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02 December 2023

Bears prowl Wall St as banks lose billions

By Agencies



Banks are not meant to lose money, but some of Wall Street's biggest commercial and investment banks announced billions of dollars of losses in the past week, sending US stock markets into a sharp tailspin.

Citigroup and Merrill Lynch, two of America's best-known financial franchises, announced combined quarterly losses of almost $20 billion (Dh73 billion) in recent days which they blamed on stricken US housing and mortgage markets.

Other banks including Morgan Stanley have also revealed multibillion dollar losses in recent weeks.

In the week to Friday, the benchmark blue-chip Dow Jones Industrial Average lost 4.02 per cent to close at 12,099.30. The Dow is down around 9 per cent for the year to date, underlying investors fears about economic uncertainty.

The tech-heavy Nasdaq composite fell 4.09 per cent to 2,340.02 while the Standard & Poor's 500 index shed 5.41 per cent to 1,325.19. Both indexes have also endured hefty losses in recent weeks.

"Benchmark (stock) indexes are now approaching bear markets, characterized by 20 per cent declines from highs," observed James Marple, an economist at TD Bank Financial Group.

The Dow has tumbled almost 15 per cent from a record high of 14,164.53 struck on October 9 last year.

President George W Bush announced the outlines of an economic stimulus plan on Friday as part of his administration's growing efforts to underpin economic momentum threatened by a two-year old housing downturn.

Bush called for Congress to act quickly on an economic stimulus plan worth around $140 billion (Dh511 billion) which analysts believe will continue tax rebates and breaks for businesses.

A financial credit crunch and rising energy costs have also raised concerns about economic growth and a growing chorus of analysts believe the world's largest economy is on the brink of a recession.

"The housing correction, capital market turmoil, and high oil prices together have caused our economy to slow materially in recent weeks," Treasury Secretary Henry Paulson said on Friday.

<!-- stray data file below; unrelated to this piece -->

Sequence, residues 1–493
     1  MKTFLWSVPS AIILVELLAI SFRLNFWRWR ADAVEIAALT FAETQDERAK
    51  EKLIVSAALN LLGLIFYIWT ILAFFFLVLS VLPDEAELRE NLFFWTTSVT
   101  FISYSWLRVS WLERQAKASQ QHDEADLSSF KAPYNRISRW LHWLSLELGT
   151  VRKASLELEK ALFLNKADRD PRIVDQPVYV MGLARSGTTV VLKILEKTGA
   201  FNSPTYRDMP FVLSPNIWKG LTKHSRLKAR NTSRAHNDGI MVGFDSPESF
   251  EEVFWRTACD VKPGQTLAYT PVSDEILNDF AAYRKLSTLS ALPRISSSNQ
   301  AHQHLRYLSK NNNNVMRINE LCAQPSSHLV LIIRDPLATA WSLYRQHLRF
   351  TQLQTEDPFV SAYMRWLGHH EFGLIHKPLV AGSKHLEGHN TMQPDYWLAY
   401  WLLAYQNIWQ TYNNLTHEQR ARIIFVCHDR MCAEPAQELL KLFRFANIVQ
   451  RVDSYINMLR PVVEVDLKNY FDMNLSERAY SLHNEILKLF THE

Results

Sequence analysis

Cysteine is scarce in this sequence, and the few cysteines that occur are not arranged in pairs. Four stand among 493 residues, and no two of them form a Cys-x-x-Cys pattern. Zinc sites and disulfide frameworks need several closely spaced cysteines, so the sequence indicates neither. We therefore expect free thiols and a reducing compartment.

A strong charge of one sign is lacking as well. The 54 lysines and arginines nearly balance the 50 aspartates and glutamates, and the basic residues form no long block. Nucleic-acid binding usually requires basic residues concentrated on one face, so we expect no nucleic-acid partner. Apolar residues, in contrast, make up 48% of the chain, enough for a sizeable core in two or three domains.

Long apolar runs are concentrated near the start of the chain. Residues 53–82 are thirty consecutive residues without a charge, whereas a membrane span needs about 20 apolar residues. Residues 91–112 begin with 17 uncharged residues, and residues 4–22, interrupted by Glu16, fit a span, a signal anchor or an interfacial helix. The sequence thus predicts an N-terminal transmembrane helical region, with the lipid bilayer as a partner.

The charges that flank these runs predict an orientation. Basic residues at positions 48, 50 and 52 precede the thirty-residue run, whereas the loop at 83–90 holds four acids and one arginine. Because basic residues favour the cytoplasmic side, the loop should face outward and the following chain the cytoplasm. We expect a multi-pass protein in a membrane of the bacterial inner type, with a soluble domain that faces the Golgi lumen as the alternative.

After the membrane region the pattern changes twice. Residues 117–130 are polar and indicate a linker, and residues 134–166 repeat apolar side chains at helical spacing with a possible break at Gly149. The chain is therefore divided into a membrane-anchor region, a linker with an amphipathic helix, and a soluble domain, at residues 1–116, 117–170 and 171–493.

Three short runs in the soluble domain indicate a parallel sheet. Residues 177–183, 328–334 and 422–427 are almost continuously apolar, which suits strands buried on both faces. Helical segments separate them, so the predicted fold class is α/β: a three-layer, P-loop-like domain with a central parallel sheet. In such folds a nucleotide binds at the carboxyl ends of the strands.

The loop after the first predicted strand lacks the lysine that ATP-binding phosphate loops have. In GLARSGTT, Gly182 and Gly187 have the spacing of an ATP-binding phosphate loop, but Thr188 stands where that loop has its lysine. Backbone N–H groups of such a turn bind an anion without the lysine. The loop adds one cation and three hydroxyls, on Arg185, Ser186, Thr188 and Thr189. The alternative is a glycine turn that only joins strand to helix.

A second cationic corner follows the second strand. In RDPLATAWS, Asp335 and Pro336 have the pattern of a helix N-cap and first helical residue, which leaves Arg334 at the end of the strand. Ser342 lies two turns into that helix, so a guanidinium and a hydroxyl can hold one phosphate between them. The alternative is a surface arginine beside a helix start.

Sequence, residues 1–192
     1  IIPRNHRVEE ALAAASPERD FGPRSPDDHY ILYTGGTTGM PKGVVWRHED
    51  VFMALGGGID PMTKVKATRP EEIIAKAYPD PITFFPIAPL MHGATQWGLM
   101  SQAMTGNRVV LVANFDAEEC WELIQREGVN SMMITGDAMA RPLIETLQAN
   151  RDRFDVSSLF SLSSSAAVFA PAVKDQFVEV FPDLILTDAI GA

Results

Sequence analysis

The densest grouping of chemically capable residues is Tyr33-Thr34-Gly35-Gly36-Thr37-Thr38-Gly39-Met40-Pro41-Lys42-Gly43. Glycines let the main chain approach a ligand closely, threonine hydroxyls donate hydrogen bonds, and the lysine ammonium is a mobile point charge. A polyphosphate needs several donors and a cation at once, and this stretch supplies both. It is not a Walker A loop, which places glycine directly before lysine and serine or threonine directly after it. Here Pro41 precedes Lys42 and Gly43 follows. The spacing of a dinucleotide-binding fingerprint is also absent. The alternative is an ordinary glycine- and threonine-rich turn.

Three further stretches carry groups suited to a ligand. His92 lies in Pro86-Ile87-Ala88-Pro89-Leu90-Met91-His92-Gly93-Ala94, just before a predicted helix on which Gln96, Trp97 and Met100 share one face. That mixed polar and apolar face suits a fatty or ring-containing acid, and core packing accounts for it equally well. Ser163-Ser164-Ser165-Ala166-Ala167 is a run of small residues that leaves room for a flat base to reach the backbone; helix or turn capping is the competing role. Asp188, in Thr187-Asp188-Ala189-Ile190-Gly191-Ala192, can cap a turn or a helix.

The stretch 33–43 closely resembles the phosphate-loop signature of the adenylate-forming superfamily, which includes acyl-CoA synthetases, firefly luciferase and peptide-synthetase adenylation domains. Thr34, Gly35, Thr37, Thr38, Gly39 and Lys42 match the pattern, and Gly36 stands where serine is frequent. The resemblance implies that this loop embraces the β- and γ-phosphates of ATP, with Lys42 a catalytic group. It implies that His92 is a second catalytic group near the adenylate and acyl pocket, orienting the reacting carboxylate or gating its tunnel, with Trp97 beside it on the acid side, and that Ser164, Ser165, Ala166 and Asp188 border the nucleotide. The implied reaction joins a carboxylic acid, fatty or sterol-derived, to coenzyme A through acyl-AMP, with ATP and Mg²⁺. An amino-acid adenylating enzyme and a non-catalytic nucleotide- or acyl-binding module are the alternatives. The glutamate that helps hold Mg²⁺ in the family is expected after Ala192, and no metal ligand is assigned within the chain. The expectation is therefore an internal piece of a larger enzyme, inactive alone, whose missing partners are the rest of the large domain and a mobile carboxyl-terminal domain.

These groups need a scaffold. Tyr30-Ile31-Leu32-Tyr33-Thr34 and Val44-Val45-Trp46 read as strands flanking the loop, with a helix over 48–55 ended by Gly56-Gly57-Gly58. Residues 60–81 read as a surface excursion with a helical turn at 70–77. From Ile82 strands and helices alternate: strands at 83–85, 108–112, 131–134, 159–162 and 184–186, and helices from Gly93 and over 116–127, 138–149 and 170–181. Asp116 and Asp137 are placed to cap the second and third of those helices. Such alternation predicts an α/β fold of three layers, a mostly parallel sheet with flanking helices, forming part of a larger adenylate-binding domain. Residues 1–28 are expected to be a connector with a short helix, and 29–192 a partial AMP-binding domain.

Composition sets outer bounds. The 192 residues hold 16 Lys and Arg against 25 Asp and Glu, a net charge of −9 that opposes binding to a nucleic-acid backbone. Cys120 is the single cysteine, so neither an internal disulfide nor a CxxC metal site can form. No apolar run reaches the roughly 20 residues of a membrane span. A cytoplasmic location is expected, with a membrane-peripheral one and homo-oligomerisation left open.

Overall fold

Paulson, a former chief executive of Goldman Sachs, said downside economic risks were rising, but voiced confidence in US economic resilience.

Market-watchers said Wall Street could expect a volatile ride in the week ahead, with the stock markets closed Monday in observance of the Martin Luther King, Jr. public holiday.

Some analysts said, however, that with Citigroup and Merrill's quarterly earnings reports out of the way, the wider corporate picture could improve in the coming week as companies like Johnson and Johnson, AT&T, McDonald's and Microsoft among others reveal their latest results.

"It is worth noting that the financial reports are always earliest in the reporting season and that the majority of the most feared reports will be over soon," said Dick Green, an analyst at Briefing.com.

The coming week promises to be light on economic news and most attention will focus on a government survey on December existing home sales due for release on Thursday.

Most economists expect homes sales to cool to a seasonally-adjusted 4.95 million units compared with 5.00 million in November which if confirmed will show the housing market remains under pressure.

Analysts said anticipation will likely build in the coming week ahead of a fast-approaching interest rate meeting of the Federal Reserve due to occur on January 29-30.

Fed chairman Ben Bernanke said earlier this month that fresh rate cuts might be needed to shore up US economic growth and some economists expect central bank policymakers will cut the key fed funds rate by half a percentage point.

The rate is presently anchored at 4.25 per cent following cuts totalling a whole percentage point that the Fed has unleashed since September.

Bond prices rose over the week as investors sought a safe haven from volatile stocks.

The yield on the 10-year Treasury bond declined to 3.648 per cent from 3.810 per cent a week earlier, while that on the 30-year bond fell to 4.297 per cent from 4.394 per cent. Bond yields and prices move in opposite directions. (AFP)